The confrontation in Venezuela between class-oriented and reformist trade unionism and their organic groupings is not outside the universal historical struggle to win over the working masses, either to fight to break the chains of capitalist exploitation and gain the full social liberation, or to meekly accept the modern wage-slavery and condemn all humanity to the oppression exercised by the capital.
It is well known that the organic and political division of trade unionism has its origins in the very history of international labour movement, from the moment when the class enemy suceeded in developing the reformist and opportunist trends within the movement and they acted strongly within the same. Thus, with the division of the Second International in 1914, the contemporary bourgeois social-democarcy, the bearer of class collaboration, was born,.
The World Federation of Trade Unions (WFTU), founded in 1945 as the international center that expresses the genuine interests and objectives of the workers of the world, was divided a few years after its creation as a result of a conspiracy orchestrated by U.S. imperialism. In recent years, the right wing of the trade union movement at a global level, responding to the global strategy of domination of transnational capital, decided to unite in a single center, founded in November 2006, the International Trade Union Confederation (ITUC), resulting from the merger of the social-democrat ICFTU and the social-christian WCL. In America, they united the Inter-American Regional Labor Organization (ORIT), continental ICFTU affiliate, and the Latin American Central of Workers (CLAT), a continental CMT affiliate, in the Confederation of Workers of the Americas (CSA). In Venezuela, the right-wing trade union confederations, CTV, CGR and CODESA - the last two almost extinct – joined the ITUC and the CSA.
Meanwhile, the Unity Confederation of Workers of Venezuela (CUTV) has been a member of the WFTU since the 60's. For decades, this confederation, even relatively weak in the organic sphere, was a class-oriented reference in the struggles of the Venezuelan workers, particularly in the 80's and 90's, when denouncing and fighting against the neoliberal policies of labour flexibility, removal of social security and company privatizations, being the counterpart of the pro-imperialist bosses and the CTV, which since the 60's became a trade union instrument in the service of the Venezuelan oligarchy and their governments.
The beginning of the Bolivarian revolutionary process, with the election of President Chávez and the adoption of the Constitution of the Bolivarian Republic of Venezuela, intensified the class struggle but also created conditions for the displacement of the hegemony exercised by the CTV union and the search of trade union unity, from the regrouping of the very diverse occupational factors supporting the revolutionary process. The National Union of Workers (UNETE), linked to the WFTU and which supports the revolutionary process from a position of class independence, is born under these dynamics.
Despite the progress meant by the anti-neoliberal and anti-imperialist process developing in Venezuela, despite the existence of the UNETE, the Venezuelan labour and trade union movement still faces the historic tendency of the bourgeoisie and the state to submit it to their guardianship and subordination. In addition to the openly counterrevolutionary trade union currents, there are other currents that, while touting a position in favour of the revolutionary process, have a reformist and opportunist vision and practice, choosing an employer-oriented and officialist trade unionism, and advocate the division of UNETE and the formation of another trade union confederation, bureaucratically constructed from areas of the state power. This situation complicates the struggle of the workers against the public and private employers, even when from various levels of the political power there is a tendency to assume an openly anti-union position, or in any case, contrary to the independent existence of the workers' organizatons.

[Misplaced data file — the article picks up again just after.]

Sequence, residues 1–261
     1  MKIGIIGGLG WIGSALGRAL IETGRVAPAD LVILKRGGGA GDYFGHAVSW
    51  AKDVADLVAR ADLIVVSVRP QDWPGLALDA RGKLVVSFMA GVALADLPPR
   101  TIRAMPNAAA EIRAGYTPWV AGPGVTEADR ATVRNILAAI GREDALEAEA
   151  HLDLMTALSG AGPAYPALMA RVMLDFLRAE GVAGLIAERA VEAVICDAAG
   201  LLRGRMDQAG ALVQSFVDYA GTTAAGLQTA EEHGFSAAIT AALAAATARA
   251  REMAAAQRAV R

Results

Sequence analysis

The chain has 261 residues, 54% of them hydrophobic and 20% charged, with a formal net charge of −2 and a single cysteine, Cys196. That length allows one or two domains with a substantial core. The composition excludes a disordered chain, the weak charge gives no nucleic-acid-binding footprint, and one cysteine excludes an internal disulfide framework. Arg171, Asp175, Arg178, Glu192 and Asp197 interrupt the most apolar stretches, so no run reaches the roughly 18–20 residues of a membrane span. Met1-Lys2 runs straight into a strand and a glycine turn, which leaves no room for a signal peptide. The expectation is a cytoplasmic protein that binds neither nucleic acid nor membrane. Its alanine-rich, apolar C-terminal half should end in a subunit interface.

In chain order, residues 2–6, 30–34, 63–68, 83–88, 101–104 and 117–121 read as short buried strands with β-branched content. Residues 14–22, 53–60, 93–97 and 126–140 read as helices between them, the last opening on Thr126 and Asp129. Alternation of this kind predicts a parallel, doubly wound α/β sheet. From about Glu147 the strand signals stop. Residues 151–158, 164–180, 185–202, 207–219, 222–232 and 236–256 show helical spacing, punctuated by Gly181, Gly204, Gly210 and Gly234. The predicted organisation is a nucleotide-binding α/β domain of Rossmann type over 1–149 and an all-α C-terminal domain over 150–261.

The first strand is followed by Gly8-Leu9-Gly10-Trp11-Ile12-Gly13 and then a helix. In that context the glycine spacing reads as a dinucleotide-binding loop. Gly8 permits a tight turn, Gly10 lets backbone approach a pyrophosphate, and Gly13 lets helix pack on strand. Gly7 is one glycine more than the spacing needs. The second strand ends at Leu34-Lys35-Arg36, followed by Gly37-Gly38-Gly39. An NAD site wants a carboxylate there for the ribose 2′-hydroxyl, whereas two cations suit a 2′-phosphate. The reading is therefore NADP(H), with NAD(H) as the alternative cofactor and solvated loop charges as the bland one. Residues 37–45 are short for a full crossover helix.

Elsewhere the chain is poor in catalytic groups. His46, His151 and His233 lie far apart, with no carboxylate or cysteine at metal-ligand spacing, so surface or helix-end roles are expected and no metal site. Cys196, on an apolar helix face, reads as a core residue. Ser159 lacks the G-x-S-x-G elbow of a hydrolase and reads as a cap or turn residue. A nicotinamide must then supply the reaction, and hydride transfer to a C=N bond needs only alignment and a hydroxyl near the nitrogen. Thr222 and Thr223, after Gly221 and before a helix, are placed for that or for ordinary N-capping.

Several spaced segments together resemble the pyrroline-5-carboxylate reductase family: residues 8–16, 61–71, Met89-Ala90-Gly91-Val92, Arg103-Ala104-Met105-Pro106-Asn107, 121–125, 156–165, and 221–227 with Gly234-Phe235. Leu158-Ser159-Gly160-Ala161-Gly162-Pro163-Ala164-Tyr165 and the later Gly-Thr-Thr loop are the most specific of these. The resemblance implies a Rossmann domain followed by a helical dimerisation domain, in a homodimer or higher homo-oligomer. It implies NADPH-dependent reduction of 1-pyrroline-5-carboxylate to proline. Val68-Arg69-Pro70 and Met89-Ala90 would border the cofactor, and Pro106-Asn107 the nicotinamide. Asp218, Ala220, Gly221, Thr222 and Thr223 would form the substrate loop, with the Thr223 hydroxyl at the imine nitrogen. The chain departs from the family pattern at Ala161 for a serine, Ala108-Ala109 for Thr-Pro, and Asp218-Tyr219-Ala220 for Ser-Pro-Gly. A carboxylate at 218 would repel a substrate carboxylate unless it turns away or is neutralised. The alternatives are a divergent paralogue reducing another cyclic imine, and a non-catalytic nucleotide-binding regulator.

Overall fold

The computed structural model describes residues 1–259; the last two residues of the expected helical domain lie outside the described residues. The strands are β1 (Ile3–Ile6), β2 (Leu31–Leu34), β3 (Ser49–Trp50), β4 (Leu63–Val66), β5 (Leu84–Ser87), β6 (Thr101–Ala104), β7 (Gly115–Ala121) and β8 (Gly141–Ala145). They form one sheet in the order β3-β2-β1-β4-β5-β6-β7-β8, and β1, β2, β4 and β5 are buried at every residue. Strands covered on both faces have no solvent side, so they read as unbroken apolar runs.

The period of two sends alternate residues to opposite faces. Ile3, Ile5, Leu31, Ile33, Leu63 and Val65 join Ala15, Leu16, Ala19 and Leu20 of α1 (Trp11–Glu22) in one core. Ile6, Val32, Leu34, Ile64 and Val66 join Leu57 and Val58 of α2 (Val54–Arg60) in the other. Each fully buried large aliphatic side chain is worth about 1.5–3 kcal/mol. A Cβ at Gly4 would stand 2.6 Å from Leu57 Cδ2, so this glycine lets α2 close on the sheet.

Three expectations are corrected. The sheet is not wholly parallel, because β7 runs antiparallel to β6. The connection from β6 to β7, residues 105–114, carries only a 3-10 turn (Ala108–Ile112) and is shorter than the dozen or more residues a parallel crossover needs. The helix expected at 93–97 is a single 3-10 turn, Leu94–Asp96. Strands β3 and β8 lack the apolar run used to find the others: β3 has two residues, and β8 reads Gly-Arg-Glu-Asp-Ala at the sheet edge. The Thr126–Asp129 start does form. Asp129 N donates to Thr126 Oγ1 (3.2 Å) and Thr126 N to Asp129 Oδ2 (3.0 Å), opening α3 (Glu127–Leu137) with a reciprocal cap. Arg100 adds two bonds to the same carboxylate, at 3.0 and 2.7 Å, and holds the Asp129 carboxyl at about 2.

For PCV, the need to defend and strengthen the autonomy and independence of the labour and trade union movement, as well as all the mass organizations, against the employers, the State and the bourgeois and petty-bourgeois parties becomes the first priority for the class-conscious workers, both from the unions and the activity of the prevention delegates (representatives of the workers to defend the health and safety at work) and the Socialist Councils of Workers, which arise as a result of the constitutional premise of participatory democracy and as tools that claim the exercise of worker's control in processes of the production, administration and distribution of goods and services from every workplace and in the various branches of production.
This need is highlighted by the fact that a widespread tendency to place all social organizations under the subordination of the national government and other bodies of state power is developing. The issue is particularly serious in the case of working class organizations: as the petty bourgeoisie has the hegemony in the leadership of the process and the national government, it is intended that the workers decline their class independence, indispensable to demand their rights and claim their individual and collective economic, social and political interests, which are basically the same of the popular majority of the towns and countryside and, at the same time, are contrary to the interests of the sectors that basically exert much of the political power. This situation is generating continuous and increasing conflicts.